Due to this configuration, the leakage current of the loop filter capacitor 110 is controlled because it cannot get larger than the source to drain current of the n-channel transistor switch 116. Moreover, because the charge pump (82 in FIG. 3) is ‘off’ the majority of the time, the cumulative reduction of the loop filter capacitor's 110 leakage current facilitates the increased integrity of the voltage control signal 84, which, in turn, leads to reliable and stable PLL operation.

Those skilled in the art will understand that, in other embodiments, the switches in the leakage control circuit (88 in FIG. 4 and 114 in FIG. 5) may be implemented using devices other than p- and n-channel transistors.

Advantages of the present invention may include one or more of the following. In one or more embodiments, because a leakage current of a PLL loop filter capacitor may be controlled, a more stable and reliable operation of the PLL may be facilitated. Accordingly, the phase shift of the PLL may not drift or may not drift as much as a PLL design that does not use a switch to resistively isolate the loop filter capacitor.

In one or more embodiments, because a switch positioned in series with a PLL loop filter capacitor helps control a leakage current of the PLL loop filter capacitor, the chip area consumed by the PLL loop filter capacitor may be reduced because the PLL loop filter capacitor does not have to be as large to maintain the voltage potential on a voltage control signal.

While the invention has been described with respect to a limited number of embodiments, those skilled in the art, having benefit of this disclosure, will appreciate that other embodiments can be devised which do not depart from the scope of the invention as disclosed herein. Accordingly, the scope of the invention should be limited only by the attached claims.

Patent Citations
Cited PatentFiling datePublication dateApplicantTitle
US5374904 *Jun 22, 1993Dec 20, 1994Mitsubishi Denki Kabushiki KaishaPhase-locked-loop circuit having adjustable reference clock signal frequency and filter capacitance compensation
US6011822 *Apr 17, 1997Jan 4, 2000Lsi Logic CorporationDifferential charge pump based phase locked loop or delay locked loop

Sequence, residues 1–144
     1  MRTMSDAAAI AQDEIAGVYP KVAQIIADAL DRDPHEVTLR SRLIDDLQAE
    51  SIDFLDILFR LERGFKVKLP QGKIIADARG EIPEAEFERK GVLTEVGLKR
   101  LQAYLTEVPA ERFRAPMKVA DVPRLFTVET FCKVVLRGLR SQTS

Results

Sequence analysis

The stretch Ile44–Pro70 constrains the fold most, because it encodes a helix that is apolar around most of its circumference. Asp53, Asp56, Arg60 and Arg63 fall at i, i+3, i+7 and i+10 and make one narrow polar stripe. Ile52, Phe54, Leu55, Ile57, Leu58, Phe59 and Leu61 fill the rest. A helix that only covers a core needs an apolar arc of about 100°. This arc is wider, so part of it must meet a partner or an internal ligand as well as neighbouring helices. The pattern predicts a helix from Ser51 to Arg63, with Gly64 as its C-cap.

US6064243 *Feb 17, 1998May 16, 2000Fujitsu LimitedCurrent switch and PLL in which it is used
US6218892 *Feb 24, 1999Apr 17, 2001Intel CorporationDifferential circuits employing forward body bias
US6473485 *Sep 10, 2001Oct 29, 2002Micrel, IncorporatedCharge pump leakage current compensation systems and methods
Non-Patent Citations
Reference
1John G. Maneatis, "Low-Jitter Process-Independent DLL and PLL Based on Self-Biased Techniques", IEEE Journal of Solid-State Circuits, vol. 31, No. 11, Nov. 1996, pp. 1723-1732.
Referenced by
Citing PatentFiling datePublication dateApplicantTitle
US6963232 *Aug 11, 2003Nov 8, 2005Rambus, Inc.Compensator for leakage through loop filter capacitors in phase-locked loops
US7129800Feb 4, 2004Oct 31, 2006Sun Microsystems, Inc.Compensation technique to mitigate aging effects in integrated circuit components
US7248086Mar 17, 2005Jul 24, 2007Rambus, Inc.Leakage compensation for capacitors in loop filters
US8410835 *Jan 3, 2012Apr 2, 2013International Business Machines CorporationLeakage tolerant phase locked loop circuit device
US20050035797 *Aug 11, 2003Feb 17, 2005Rambus, Inc.Compensator for leakage through loop filter capacitors in phase-locked loops
US20050168255 *Feb 4, 2004Aug 4, 2005Gauthier Claude R.Compensation technique to mitigate aging effects in integrated circuit components
US20050168292 *Mar 17, 2005Aug 4, 2005Rambus, Inc.Leakage compensation for capacitors in loop filters
US20080157879 *Dec 28, 2006Jul 3, 2008Dmitry PetrovDecreasing frequency synthesizer lock time for a phase locked loop
Classifications
U.S. Classification327/157, 327/148
International ClassificationH03L7/18, H03L7/089
Cooperative ClassificationH03L7/18, H03L7/0891
European ClassificationH03L7/089C, H03L7/18
Legal Events
DateCodeEventDescription
Jul 19, 2002ASAssignment
Owner name: SUN MICROSYSTEMS, INC., CALIFORNIA
Free format text: ASSIGNMENT OF ASSIGNORS INTEREST;ASSIGNORS:TRIVEDI, PRADEEP;BOBBA, SUDHAKAR;GAUTHIER, CLAUDE;REEL/FRAME:013132/0663
Effective date: 20020717
Nov 3, 2006FPAYFee payment
Year of fee payment: 4
Oct 28, 2010FPAYFee payment
Year of fee payment: 8
Oct 29, 2014FPAYFee payment
Year of fee payment: 12
Dec 12, 2015ASAssignment
Owner name: ORACLE AMERICA, INC., CALIFORNIA
Free format text: MERGER AND CHANGE OF NAME;ASSIGNORS:ORACLE USA, INC.;SUN MICROSYSTEMS, INC.;ORACLE AMERICA, INC.;REEL/FRAME:037278/0692
Effective date: 20100212